Power. Progress. Prevention. July 6, 2018

July 6, 2018

July 6, 2018

Kentucky waiver blocked

Federal judge James Boasberg blocked a Medicaid waiver that would impose work requirements for Medicaid coverage in Kentucky. Though the waiver had previously been approved by the Centers for Medicare and Medicaid (CMS), Judge Boasberg struck it down because it would violate Medicaid’s purpose of providing health coverage for low-income and vulnerable populations. The waiver would have required all nondisabled Medicaid recipients in Kentucky to do at least 20 hours of work-related activities per week to be eligible for coverage.

While this ruling supports Medicaid’s intent of insuring vulnerable populations, it does not outright ban work requirements. Kentucky can change the waiver to include an explanation of how it would uphold Medicaid’s intent and then redo the approval process.

Currently, Medicaid covers more than one million Kentucky residents. If Kentucky successfully passes a waiver to include work requirements, 95,000 residents are projected to lose coverage over 5 years, and some non-partisan organizations predict that number would be much higher.

Work requirements may inadvertently harm those most in need of medical care. Chronically ill patients, such as those with cancer, may not be able to fulfill work requirements or may have difficulties finding work due to necessary accommodations, and could be at risk for losing health care coverage. The Prevent Cancer Foundation® is dedicated to ensuring that cancer patients have no barriers to accessing affordable and comprehensive care.

We will continue to monitor this case and will provide updates as soon as they become available.  

CDC report on tanning and sunburn

Indoor tanning usage among high school teenagers is declining. According to a Youth Risk Behavioral Survey from the Centers for Disease Control and Prevention (CDC), the percent of students who had used an indoor tanning device over the most recent 12-month period declined from 7.3 percent in 2015 to 5.6 percent in 2017. However, the prevalence of sunburns among high school students slightly increased between 2015 and 2017. According to the survey, students who had at least one sunburn during the 12 months prior to the survey increased from 55.5 percent in 2015 to 57.2 percent in 2017.

Skin cancer is the most common cancer diagnosis in the U.S. and the most preventable. Each year, more than 87,000 people are diagnosed with melanoma, the most dangerous type of skin cancer. Both sunburns and the use of indoor tanning devices can greatly increase your risk of skin cancer.

The Prevent Cancer Foundation® is dedicated to reducing the risk of skin cancer through education and prevention. Learn more about how to prevent skin cancer.

Congress releases draft appropriations bills

The House Appropriations Committee recently released a draft bill for fiscal year 2019, which includes funding for Health and Human Services (HHS). The appropriations bill would increase funding for HHS by one billion dollars compared to fiscal year 2018. The proposal would also move the Strategic National Stockpile, the agency in charge of holding critical medical supplies in the event of a mass medical emergency, from the Centers for Disease Control and Prevention (CDC) to the Office of the Assistant Secretary for Preparedness and Response (ASPR).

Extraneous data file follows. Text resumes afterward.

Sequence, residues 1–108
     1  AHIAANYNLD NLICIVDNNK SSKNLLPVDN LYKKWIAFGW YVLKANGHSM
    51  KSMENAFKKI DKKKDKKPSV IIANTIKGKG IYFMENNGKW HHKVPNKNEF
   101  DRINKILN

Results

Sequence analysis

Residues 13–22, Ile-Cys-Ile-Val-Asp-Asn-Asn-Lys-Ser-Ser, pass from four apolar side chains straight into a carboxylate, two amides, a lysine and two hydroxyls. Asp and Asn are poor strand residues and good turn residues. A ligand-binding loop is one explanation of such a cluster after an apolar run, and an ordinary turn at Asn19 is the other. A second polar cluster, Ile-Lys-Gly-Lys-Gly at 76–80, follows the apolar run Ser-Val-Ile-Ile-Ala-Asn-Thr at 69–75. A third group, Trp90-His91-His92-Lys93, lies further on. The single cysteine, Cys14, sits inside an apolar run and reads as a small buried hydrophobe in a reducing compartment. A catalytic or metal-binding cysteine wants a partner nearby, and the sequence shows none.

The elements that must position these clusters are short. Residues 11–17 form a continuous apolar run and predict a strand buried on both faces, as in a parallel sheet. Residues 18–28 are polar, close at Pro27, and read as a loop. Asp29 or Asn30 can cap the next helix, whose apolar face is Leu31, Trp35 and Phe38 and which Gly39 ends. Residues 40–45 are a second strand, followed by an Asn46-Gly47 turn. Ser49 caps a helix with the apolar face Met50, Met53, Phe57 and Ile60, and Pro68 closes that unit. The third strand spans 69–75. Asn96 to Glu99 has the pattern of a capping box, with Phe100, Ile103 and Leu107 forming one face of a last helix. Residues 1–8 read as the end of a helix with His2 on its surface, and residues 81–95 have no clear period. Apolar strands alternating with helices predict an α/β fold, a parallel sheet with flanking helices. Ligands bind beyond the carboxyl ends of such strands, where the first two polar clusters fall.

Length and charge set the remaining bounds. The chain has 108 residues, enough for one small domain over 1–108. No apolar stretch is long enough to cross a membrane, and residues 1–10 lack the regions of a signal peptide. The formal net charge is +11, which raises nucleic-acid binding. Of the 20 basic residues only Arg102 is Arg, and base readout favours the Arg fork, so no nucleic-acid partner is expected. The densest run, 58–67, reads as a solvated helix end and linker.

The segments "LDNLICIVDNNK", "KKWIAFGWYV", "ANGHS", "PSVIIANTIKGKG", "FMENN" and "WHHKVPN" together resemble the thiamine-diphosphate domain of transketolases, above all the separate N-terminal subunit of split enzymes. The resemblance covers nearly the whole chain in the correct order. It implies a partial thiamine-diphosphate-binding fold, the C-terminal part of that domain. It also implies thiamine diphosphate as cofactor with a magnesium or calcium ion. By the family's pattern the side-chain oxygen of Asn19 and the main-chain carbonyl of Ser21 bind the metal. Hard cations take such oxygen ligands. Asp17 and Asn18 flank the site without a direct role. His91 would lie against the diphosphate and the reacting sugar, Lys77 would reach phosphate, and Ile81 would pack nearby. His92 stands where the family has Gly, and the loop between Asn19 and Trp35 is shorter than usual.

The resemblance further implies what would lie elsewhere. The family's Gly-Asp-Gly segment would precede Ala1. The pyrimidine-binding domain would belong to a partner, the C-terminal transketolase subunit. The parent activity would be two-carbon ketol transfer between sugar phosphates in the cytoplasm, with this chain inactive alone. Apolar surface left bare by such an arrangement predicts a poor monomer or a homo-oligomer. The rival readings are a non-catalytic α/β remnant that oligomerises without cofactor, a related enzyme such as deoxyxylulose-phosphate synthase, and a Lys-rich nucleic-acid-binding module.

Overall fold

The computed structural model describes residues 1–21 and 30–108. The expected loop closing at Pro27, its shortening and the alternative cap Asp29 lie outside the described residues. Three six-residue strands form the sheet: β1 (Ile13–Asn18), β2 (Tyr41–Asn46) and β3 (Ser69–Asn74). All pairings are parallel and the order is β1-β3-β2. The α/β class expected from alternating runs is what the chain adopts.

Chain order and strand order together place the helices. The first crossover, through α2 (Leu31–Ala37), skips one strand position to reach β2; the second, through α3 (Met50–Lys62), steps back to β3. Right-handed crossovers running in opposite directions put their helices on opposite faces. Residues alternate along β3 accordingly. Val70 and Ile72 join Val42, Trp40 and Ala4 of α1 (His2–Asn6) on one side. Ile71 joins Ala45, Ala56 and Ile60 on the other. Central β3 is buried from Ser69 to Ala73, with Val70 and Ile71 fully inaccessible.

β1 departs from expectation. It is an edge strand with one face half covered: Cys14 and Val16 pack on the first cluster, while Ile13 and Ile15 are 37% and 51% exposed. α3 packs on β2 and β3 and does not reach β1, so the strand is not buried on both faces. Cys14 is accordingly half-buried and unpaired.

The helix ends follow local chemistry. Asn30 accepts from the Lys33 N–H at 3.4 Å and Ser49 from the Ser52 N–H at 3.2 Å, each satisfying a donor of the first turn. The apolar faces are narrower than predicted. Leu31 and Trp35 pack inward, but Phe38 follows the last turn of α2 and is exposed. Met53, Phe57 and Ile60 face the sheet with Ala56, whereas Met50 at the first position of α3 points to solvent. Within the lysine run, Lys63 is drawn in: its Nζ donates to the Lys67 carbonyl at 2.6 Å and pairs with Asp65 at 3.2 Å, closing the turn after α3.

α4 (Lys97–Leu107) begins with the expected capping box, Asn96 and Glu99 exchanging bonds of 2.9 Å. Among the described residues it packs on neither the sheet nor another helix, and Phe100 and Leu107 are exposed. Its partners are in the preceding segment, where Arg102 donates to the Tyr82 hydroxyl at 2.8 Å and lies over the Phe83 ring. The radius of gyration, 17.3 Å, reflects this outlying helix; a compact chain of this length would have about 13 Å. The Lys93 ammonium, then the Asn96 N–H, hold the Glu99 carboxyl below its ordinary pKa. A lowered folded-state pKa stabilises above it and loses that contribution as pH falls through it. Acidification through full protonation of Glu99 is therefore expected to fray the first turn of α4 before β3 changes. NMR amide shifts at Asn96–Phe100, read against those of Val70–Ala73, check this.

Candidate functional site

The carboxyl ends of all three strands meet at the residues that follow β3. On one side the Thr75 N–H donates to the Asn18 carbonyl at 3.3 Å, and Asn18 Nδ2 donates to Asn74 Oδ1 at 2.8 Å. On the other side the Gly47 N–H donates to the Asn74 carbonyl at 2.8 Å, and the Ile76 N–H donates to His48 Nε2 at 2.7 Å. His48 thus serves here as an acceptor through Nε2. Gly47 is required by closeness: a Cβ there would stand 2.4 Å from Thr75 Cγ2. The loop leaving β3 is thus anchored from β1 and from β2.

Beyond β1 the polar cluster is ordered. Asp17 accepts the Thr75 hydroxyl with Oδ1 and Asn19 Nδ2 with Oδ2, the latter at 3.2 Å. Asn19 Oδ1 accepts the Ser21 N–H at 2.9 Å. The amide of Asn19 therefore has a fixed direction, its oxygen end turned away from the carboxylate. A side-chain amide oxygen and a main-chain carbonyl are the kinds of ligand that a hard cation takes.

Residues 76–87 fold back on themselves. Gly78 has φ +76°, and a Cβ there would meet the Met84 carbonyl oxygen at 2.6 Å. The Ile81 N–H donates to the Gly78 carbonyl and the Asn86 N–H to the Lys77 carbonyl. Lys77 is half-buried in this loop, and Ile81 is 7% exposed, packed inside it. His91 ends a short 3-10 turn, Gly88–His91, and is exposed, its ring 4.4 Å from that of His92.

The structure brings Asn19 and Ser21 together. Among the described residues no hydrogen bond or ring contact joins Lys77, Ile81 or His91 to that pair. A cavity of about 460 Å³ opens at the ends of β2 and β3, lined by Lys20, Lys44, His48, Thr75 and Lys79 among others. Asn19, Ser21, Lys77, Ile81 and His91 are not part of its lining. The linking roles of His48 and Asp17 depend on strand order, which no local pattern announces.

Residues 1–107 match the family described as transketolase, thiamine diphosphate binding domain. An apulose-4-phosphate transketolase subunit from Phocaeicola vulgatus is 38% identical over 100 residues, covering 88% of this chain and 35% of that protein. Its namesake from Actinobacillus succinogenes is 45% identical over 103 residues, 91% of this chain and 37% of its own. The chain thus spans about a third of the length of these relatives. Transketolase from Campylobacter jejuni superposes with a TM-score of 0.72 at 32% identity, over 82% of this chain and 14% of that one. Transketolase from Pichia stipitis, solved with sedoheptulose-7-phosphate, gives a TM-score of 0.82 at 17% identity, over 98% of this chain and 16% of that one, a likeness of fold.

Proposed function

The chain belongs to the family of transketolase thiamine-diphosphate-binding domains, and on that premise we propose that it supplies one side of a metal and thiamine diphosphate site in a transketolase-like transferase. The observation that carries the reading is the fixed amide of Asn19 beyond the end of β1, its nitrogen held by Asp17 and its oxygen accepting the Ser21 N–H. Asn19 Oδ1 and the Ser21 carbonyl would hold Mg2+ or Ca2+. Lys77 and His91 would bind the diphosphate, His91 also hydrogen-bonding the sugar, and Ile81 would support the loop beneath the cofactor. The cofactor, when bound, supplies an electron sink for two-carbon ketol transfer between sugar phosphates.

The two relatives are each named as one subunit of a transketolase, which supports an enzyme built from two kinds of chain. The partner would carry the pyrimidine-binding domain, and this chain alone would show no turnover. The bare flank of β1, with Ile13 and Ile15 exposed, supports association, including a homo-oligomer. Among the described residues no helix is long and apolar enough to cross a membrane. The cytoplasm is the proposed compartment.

While the bill reduced CDC funding by more than $600 million, after accounting for the stockpile program transfer, CDC will receive a net funding increase of more than $400 million. The bill would also transfer some of funding and responsibilities from the Prevention and Public Health Fund to the CDC.

Additionally, the Senate appropriations committee approved legislation to provide $5.747 billion for the National Cancer Institute (NCI), an increase of $90 million (1.5%) above last year. Further, the legislation provides $400 million for the NCI provisions of the 21st Century Cures Act, an increase of $100 million (33%).

The Prevent Cancer Foundation® applauds Congress for taking measures to increase funding to these critical agencies that support cancer patients and their families, as well as promoting public health services.

Justice Kennedy announces retirement

Supreme Court Justice Anthony Kennedy last week announced he is resigning effective July 31 of this year. Justice Kennedy has a reputation for being a moderate justice, and has been the crucial swing vote in many high-profile cases in recent years..

Justice Kennedy’s retirement gives President Trump the opportunity to appoint his second Supreme Court justice. Health care advocates are concerned over what this could mean for health care in the future, particularly as it relates to the Affordable Care Act (ACA). Currently, there is a lawsuit challenging the ACA from more than 20 states, and the Department of Justice has announced it will stop defending the legislation. It is unclear what will happen as this lawsuit moves throughout lower courts.  

Many Democrats in the Senate want to push consideration of a replacement until after midterm elections in order to account for potential changes in the Senate. President Trump has announced he will have his nominee ready by July 9, and Senate Majority Leader Mitch McConnell (R-KY) said he stands ready to move forward with confirmation hearings.

We will continue to monitor this situation and will provide updates as soon as they become available.



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